|Ph.D Student||Brisker-Klaiman Daria|
|Subject||Coherence, Dissipation and Bond Dissociation in Charge|
Transport through Molecular Bridges
|Department||Department of Chemistry||Supervisor||Professor Uri Peskin|
|Full Thesis text|
Characterizing single molecules in terms of their properties and behavior is a topic of great interest. The study of single molecules is especially challenging since it requires accounting for their quantum mechanical nature as well as their interaction with the surrounding. For example, in a molecular junction scenario, where a molecule is placed between two macroscopic leads, the measured currents reflect not only the electronic properties of the molecule but also the interaction of the molecule with the leads. Moreover, the transmission process usually involves the response of another kind of an environment, the nuclear environment. The nuclear degrees of freedom which are polar or polarizable will respond to the motion of charge through the molecule. This phenomenon which is termed electronic-nuclear coupling is the focus of this dissertation.
In this work the effects of electronic-nuclear coupling was studied in several model systems. First, we considered the scenario of charge transport induced bond dissociation. Two possible mechanisms for dissociation of a chemical bond at the molecular bridge were considered and analyzed using a model of a single anharmonic bridge vibration coupled to an electronic degree of freedom. Next, we studied charge transport mechanisms in DNA molecular junctions, where electronic-nuclear coupling controls the dominant charge transport mechanism, switching between coherent-elastic to incoherent-inelastic transport. In DNA sequences where both charge transport mechanisms are active, the connection strategy between the double-stranded structure to the electrodes was found to act as filter, where the calculated currents through a given connection strategy reflects the contribution of one of the charge transport mechanisms.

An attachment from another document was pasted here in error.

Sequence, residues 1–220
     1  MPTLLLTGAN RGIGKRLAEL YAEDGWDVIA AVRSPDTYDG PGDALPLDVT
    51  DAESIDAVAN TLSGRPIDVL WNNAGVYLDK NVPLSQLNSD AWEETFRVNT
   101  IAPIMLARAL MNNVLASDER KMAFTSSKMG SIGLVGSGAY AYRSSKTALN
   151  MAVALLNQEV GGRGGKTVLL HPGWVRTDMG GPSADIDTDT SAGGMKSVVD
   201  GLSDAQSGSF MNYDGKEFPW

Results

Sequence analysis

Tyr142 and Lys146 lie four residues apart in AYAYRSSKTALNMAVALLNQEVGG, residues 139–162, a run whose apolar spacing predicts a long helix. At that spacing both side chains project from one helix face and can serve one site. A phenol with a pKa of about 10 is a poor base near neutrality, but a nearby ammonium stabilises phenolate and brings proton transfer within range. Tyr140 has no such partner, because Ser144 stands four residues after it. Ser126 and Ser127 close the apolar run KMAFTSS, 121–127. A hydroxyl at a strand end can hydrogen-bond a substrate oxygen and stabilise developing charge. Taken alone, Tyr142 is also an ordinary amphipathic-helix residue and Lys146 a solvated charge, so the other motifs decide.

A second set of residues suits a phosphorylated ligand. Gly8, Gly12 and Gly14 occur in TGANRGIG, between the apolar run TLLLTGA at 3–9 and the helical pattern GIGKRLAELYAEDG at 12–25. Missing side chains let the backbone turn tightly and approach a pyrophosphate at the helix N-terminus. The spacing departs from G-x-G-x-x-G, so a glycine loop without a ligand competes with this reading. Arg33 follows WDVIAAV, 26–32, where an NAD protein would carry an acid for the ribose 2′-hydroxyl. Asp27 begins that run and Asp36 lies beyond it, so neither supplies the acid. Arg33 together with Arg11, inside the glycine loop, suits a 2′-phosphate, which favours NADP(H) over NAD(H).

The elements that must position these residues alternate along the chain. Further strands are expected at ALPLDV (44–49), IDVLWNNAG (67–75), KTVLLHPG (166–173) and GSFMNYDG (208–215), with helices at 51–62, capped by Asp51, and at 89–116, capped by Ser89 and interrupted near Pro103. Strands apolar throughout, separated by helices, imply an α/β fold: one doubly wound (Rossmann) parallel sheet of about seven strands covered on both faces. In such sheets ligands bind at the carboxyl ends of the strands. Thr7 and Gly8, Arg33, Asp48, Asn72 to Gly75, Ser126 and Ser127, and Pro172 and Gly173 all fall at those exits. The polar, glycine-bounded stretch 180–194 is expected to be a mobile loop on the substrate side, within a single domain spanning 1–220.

Overall, we find that electronic-nuclear coupling can be used as a tool to control and probe the charge transport process through molecular bridges. Our analysis is brought here along suggestions to possible experiments, which I hope will be realized.